28 March 2013 - Post by:Mervyn Parry
Are you fully aware of all the pension promises made under your pension scheme? There’s one batch you may have missed – the reinstated pensions after the misselling scandal of the 80s and 90s.
Do you remember the introduction of personal pension schemes in 1988 and the subsequent misselling saga when commission-driven salesman persuaded members of defined benefit pension schemes to transfer to a personal pension scheme? This was followed by the SIB review and in many cases the payment of compensation. Many employers were happy to allow their employees, but not necessarily those who had left the business, to be reinstated in the scheme, effectively offering an amnesty.
At first sight it looks straightforward to put the position right. The personal pension provider will have paid compensation which was received by the pension scheme and the member re-credited with his past pensionable service.
But was any more offered? There might have been a temptation to recognise that the employee had been in a DC personal pension plan, which might still have looked attractive to a member, enhanced with compensation, compared with the reinstated added years, so that some sort of underpin may have been offered as part of the amnesty.
I recently came across such a case where the additional promise took the form of a fixed pension at normal pension age as an alternative to the pension secured with the bought-back years. When the issue came to light at first glance the numbers involved looked extraordinary. The fixed pension guarantee relating to the bought-back service (only a quarter to a third of a working life) amounted to one and half times any annual pensionable salary that the member had ever earned. The fixed pension alternative was around six times the pension calculated on an added years basis. No, the member had not suffered drastic reductions in earnings and there had been no obvious error. In fact the fixed pension had been calculated on the MFR* basis, consistently with transfers out at the time. The member must have thought Christmas, or at least retirement, had come early.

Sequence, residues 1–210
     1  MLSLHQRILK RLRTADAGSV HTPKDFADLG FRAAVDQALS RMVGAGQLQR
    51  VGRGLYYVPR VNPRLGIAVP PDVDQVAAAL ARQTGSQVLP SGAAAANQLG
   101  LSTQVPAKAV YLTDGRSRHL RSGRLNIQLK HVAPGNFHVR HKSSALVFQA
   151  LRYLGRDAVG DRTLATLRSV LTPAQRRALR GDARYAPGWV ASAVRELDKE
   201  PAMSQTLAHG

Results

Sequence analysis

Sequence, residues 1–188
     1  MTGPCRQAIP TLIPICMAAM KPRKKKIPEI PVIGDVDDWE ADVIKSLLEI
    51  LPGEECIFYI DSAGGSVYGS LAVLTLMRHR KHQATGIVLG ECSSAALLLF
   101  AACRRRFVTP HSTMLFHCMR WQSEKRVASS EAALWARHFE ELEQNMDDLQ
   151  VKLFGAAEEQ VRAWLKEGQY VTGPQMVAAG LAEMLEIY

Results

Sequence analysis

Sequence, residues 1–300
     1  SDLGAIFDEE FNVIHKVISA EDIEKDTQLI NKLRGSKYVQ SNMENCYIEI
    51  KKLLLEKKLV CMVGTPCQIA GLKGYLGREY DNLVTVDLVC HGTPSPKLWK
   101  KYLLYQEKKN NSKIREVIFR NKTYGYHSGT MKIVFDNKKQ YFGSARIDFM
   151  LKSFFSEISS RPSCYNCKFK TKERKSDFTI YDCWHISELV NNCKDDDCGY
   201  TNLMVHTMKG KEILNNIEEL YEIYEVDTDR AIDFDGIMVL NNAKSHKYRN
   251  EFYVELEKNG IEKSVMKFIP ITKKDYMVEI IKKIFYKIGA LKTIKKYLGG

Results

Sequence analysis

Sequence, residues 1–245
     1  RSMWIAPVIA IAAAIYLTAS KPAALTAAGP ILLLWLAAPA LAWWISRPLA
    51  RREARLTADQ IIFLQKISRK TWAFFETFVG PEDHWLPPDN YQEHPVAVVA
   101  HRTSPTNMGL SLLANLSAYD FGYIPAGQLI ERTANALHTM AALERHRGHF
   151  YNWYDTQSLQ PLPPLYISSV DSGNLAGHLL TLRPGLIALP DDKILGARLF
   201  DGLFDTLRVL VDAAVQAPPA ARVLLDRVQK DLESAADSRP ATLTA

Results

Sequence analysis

In the old days of Inland Revenue approval no doubt Inland Revenue limits would have limited the maximum pension which could have been paid from the scheme. But what do your rules say in the post-A Day period? Possibly they would have continued Inland Revenue limits but, quite likely also, they would have permitted the full pension to be paid (and it could be well within the lifetime allowance). Even if there were some facility to restrict the benefit arising from the guarantee there could well be difficulties. What information had the member been given in the past? Had transfer value quotations been given previously? Has information been provided to a court for divorce or pension sharing purposes?
Despite the Pension Regulator’s best intentions on data accuracy, information on administrative systems dating back many years may not be fully accurate or up to date. If an amnesty case such as this crosses your desk it is well worth digging into the archaeology of the scheme records to see if there are any other unexpected or perhaps long-forgotten commitments to members – and finding out whether the actuary has been aware of them for valuation purposes.
* Minimum funding requirement: the statutory funding requirement in the 1990s
Mervyn Parry is a consultant at Allen & Overy LLP.